, NAIROBI, Kenya, Mar 10 – The International Criminal Court has warned that the government\’s plans to challenge the admissibility of cases filed against six Kenyans at The Hague will be unsuccessful because no local judicial mechanism is in place.
The Outreach Unit of the International Criminal Court (ICC) has advised that such plans can only succeed if persons accused are facing similar charges at the local courts.
"You have to challenge the admissibility based on actual national proceedings, otherwise the challenge may simply not be successful because that is the logic of article of Article 19 of the Rome Statute," Gilbert Bitti senior legal advisor, of the pre-trial division of ICC said in a TV series focussing on the Kenya situation.
He added: "The challenge has to be based on actual national proceedings, actual national prosecutions against those persons for those crimes."
"You cannot challenge admissibility [of the cases of the court] based on future proceedings or a future court to be established."
The government announced on Wednesday that it planned to challenge the admissibility of the cases facing six Kenyans at The Hague and the jurisdiction of the court after the pre-trial chamber judges issued summons against the suspects accused of planning or financing the post-election violence.
The Outreach Unit of the ICC has launched the Kenyan TV series \’Ask the Court\’ where it seeks to explain the frequently asked questions about The Hague process now that suspects have been summoned to appear on April 7.
Those required to appear at The Hague include Deputy Prime Minister Uhuru Kenyatta, Head of the Civil Service Ambassador Francis Muthaura, suspended Higher Education Minister William Ruto and Tinderet Member of Parliament Henry Kosgey who stepped aside to face charges of abuse of office.
Others are former Police Commissioner Mohammed Hussein Ali and Radio presenter Joshua arap Sang of Kass FM.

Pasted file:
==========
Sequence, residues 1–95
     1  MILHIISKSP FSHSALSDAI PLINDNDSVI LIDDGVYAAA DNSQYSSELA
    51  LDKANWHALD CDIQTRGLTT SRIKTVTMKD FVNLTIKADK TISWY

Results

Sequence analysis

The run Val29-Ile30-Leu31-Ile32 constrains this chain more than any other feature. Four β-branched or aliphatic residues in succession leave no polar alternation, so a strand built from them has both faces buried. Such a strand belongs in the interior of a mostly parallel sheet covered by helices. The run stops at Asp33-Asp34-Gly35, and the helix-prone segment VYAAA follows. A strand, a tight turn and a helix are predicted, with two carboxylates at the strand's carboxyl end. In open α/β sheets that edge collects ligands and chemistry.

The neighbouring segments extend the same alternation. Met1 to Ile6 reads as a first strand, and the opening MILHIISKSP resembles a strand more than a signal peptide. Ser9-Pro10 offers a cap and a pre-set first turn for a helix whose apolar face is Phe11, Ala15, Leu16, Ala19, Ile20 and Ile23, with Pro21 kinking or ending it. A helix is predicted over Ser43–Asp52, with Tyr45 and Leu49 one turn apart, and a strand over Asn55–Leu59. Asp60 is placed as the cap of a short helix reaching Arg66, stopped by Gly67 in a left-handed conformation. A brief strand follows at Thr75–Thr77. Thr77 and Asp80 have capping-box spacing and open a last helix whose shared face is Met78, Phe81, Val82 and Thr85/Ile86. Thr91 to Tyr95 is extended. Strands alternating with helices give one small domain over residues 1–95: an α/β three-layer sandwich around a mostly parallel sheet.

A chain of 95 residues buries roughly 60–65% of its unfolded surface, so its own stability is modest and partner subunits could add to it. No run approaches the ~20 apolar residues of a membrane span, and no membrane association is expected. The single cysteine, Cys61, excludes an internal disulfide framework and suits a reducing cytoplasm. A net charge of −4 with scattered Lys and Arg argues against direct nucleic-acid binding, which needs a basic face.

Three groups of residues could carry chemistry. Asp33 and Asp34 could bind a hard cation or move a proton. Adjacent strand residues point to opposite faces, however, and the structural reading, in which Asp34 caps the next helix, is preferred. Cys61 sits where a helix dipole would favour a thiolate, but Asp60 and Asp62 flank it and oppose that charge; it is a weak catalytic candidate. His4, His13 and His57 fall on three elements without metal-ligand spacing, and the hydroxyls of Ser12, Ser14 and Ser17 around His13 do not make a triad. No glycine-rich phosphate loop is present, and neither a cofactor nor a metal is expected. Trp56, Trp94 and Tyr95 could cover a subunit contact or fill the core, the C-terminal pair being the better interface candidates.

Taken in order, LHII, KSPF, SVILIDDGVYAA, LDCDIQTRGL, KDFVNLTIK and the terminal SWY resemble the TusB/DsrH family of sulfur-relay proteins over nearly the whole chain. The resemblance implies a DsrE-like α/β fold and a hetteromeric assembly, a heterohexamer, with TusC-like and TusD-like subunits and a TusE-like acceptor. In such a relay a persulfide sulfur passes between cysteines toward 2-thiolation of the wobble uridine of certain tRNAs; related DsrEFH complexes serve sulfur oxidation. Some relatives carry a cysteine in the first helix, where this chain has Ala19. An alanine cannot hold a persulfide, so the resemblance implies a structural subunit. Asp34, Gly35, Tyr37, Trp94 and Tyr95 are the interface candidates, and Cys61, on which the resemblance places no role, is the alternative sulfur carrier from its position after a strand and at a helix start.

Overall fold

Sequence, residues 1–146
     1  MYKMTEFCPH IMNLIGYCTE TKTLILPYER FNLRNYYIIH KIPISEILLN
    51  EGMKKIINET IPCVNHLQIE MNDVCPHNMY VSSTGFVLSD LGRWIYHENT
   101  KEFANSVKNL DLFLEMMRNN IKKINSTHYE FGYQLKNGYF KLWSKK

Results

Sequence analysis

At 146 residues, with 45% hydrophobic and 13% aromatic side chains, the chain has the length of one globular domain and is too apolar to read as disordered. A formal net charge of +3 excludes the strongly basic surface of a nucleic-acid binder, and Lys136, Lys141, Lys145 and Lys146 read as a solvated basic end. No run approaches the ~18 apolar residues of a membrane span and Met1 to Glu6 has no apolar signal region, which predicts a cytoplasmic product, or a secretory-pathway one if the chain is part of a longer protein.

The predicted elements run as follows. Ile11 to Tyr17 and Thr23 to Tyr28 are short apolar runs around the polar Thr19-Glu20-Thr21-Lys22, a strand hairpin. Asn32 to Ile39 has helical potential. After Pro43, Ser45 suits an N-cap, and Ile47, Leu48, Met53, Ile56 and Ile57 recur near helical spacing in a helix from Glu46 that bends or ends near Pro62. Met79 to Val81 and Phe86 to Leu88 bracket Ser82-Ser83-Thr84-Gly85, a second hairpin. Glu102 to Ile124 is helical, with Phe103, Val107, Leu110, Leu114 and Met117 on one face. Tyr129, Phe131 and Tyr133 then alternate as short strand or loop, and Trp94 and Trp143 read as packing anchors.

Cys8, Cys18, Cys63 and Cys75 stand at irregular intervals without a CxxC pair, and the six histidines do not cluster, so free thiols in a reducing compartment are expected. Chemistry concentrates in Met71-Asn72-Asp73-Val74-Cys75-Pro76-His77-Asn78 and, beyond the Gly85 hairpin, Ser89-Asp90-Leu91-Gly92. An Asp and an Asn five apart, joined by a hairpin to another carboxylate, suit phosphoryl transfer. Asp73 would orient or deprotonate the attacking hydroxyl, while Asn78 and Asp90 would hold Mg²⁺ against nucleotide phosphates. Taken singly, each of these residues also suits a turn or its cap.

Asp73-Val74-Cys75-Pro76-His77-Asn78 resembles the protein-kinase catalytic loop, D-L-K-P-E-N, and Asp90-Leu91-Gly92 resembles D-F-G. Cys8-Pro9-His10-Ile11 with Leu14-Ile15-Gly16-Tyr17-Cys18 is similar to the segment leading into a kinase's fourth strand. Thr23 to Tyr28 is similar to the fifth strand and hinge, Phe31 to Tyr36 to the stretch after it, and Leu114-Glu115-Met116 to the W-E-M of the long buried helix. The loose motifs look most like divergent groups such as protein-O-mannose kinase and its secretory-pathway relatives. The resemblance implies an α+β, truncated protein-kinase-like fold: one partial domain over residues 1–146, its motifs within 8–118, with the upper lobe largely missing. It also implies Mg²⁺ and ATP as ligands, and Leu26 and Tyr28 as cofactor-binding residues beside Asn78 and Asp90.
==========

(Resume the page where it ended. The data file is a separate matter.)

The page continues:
Mr Ruto, Mr Kosgey and Mr arap Sang have been ordered to appear at 0930GMT for the purposes of the hearing to be held pursuant to article 60 of the Statute while Mr Kenyatta, ambassador Muthaura and Hussein Ali will be required to appear at 1430GMT on the same day.
Soon after all the suspects confirmed they will honour the summons, the government sent a statement to newsrooms saying Kenya will challenge the admissibility of the cases and the court.
"The government will challenge the admissibility of the cases as well as the jurisdiction of the court," the statement signed by Attorney General Amos Wako, Internal Security Minister Professor George Saitoti and Justice Minister Mutula Kilonzo said.
The three said the government had an obligation under the Rome Statute to challenge the admissibility of the cases or the court itself.
"The Rome Statute gives the person for whom the summons have been issued and the State which has jurisdiction over such persons to challenge admissibility of the case or the jurisdiction of the Court," their brief statement stated.
Curiously, the statement was not signed by other members of the Cabinet committee on ICC matters from the ODM wing of the coalition government. No explanation was given in the statement released from the Office of the President.
Lands Minister James Orengo who is among three of the ICC Cabinet committee members did not endorse the statement and publicly opposed the move to challenge the Hague cases, saying they were not consulted.
A statement posted on the ICC website on Tuesday night said the six suspects had been summoned to appear at The Hague court to show cause why they should not stand trial for their alleged roles in planning the 2008 post election violence which claimed the lives of more than 1,500 people.
The pre-trial chamber judges said in their ruling that there were reasonable grounds to believe that the suspects have a case to answer at The Hague hence should appear before the Court.
The ruling was endorsed by Judges Cuno Tarfusser and Judge Ekaterina Trendafilova but was opposed by Judge Hans-Peter Kaul who said that he will be issuing his dissenting decision in due course.
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